How’s that for a platform??? What good are scores when the rates of death and violence continue to rise in the under 18 category of school age victims? Sure they’re just kids now, but mean kids grow up into, yup, mean adults. I know some of them.

Some of them turned into math teachers.


~ by lastcrazyhorn on July 27, 2008.

10 Responses to “The Dark Knight, Dinosaurs and Aliens, Oh My!”

  1. Wow! Everyone else on the net whose opinion I respect also heartily approves of this movie, just not so enthusiastically. I reckon I should go see it.

    One small quibble; when you write “number illiterate”, I think you mean “innumerate”, which you obviously are not. Sorry to get all pedantic on you.

  2. um your intrest and insigt into The Dark Knight is compelling me to go see it. I am not a big fan of Batman but I do appreciate entertainment that makes me wish it was real. I loved Jurrasic Park and I am not sure if I have seen Event Horizen but your writing critique has certainly sparked me enough to go see The Dark Knight. 🙂

    I love reading what you write. I feel like you are communicating what I wish I could share with the world. You express your thoughts and feelings and I feel like when you write about a topic, I wouldn’t want to add more because you have said what I feel inside but don’t yet know how to communicate it.


  3. Woot Chey-sis! You leave the bestest of comments. 🙂

    Justthisguy – I wasn’t actually aware of that word, but I just went and looked it up, and I’m wont to agree with you. 🙂 Actually, it’s likely that I have an undxed learning disability in math that can only be gotten around by teachers who are willing to wait on my brain to make sense of it all.

  4. What a great review! I love your passion for this.

    I saw the film on Friday night and loved it. I was much louder than I usually am while watching films, I couldn’t help giving little yelps of surprise and fear, and I jumped and had to cover my eyes a few times. Thankfully the hyped up Friday audience didn’t seem to mind.

    I thought Garry Oldman was fantastic too, and loved the set up of the honest cop coupled with the other things going on in his office. I’m not sure I believed the ship scene but the hospital bit blew my mind. And I definitely shrieked at how the lorry/ bat-bike sequence ended; just wow!

    Batman is a great character. How interesting to see a hero who thinks and cares, but still was drawn into torturing someone. The Joker is terrifying, menacing, and makes me hope that such creatures exist only in fiction.

  5. That wasn’t Batman torturing someone (well it was technically, but hear me out), it was Batman striking out against his frustrations. It’s like he’s realizing that for all his strength, and intelligence, there’s nothing he can do against this fiend sitting before him. So he strikes out, because there’s nothing left for him to do. He’s out of options. He’s helpless. And remember, standing by helpless while loved ones died is what he’s fighting against. It’s the same old battle that he’s been fighting since he was 9 or 11 or whatever.

    And the Joker’s just . . . taking it. Showing him that no matter how much he fights against the thing that he hates the most, there’s nothing he can ultimately do to control the world that he lives in.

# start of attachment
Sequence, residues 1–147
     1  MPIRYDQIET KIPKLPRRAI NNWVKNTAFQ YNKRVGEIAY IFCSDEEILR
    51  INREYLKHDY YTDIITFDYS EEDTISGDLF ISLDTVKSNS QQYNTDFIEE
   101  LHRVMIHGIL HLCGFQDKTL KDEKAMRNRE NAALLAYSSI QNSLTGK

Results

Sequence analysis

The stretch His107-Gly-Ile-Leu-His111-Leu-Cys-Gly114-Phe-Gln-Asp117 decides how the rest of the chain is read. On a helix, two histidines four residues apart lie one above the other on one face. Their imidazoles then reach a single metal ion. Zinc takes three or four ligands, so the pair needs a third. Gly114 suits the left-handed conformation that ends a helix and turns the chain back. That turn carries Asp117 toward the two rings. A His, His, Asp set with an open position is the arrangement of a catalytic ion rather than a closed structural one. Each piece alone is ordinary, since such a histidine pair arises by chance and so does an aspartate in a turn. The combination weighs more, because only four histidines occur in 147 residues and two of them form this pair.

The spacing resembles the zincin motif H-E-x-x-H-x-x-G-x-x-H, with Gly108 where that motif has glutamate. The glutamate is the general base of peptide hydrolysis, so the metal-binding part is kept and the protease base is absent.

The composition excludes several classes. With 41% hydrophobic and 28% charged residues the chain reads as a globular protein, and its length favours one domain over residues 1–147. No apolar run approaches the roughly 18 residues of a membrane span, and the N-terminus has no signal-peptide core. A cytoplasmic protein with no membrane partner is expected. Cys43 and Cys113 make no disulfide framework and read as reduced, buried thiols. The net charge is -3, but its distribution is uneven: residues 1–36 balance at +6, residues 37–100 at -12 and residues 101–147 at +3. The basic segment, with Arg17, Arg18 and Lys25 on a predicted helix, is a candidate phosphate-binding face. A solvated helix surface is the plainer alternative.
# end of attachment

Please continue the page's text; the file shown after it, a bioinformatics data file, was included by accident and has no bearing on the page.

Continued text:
6. Oh, wow. I have to say that the boat scene was my favorite, actually. It showed that we are all individuals forced to live with one another, and live with ourselves. The prisoner had seen enough hate and violence in his life, and the man on the civilian boat… realized what he would be if he pushed that button.

    Two different reasons for taking control of one’s morality, if not one’s destiny.

  7. On the math thing: I had a physics prof who, when I complained about not understanding some of the deep arguments in my math classes, said something like, “Kid, you need to learn yer math from physicists. It’s just a tool for us, so we don’t worry about explaining all of the eye-glazing rigorous details to the undergrads.”

    I wish I’d met that guy sooner. Hell, I wish somebody had told me when I was a kid that the best way to learn math is to work every problem and every exercise in the book. Unless one wants to be a mathematician, of course. My eyes tend to skip over numerical characters, but words seem to flow right into my brain.

    My eyes also tend to skip over musical notation, but that’s self-punishing, in that you can’t play it if your mind doesn’t notice the notes. Hmm, maybe should pick up the soprano recorder, it’s lying five feet away…

  8. And the ironic thing here of course is that the word problems used to be the hardest ones for me. Then again, I didn’t have a real good understanding of how my brain worked at that point, so that probably had an impact. Man, maybe I’ll just skip writing a book about Asperger’s per se, but instead write a handbook for my life.

  9. Okay, that’s funny because I just finished a post (and immediately came over to check on you since I’ve been out of town and offline) that talked a bit about Jurassic Park. Not the same context as your post, but funny to me that we both mentioned it. I LOVED that movie. LOVED, LOVED, LOVED it. I so loved dinosaurs when I was little – still do. The books/movies absolutely fascinated me.

    Haven’t seen the other two. Glad you enjoyed Batman, though!


  10. I’ve been surfing online more than three hours today, yet I never found any interesting article like yours. It is pretty worth enough for me. Personally, if all website owners and bloggers made good content as you did, the net will be much more useful than ever before.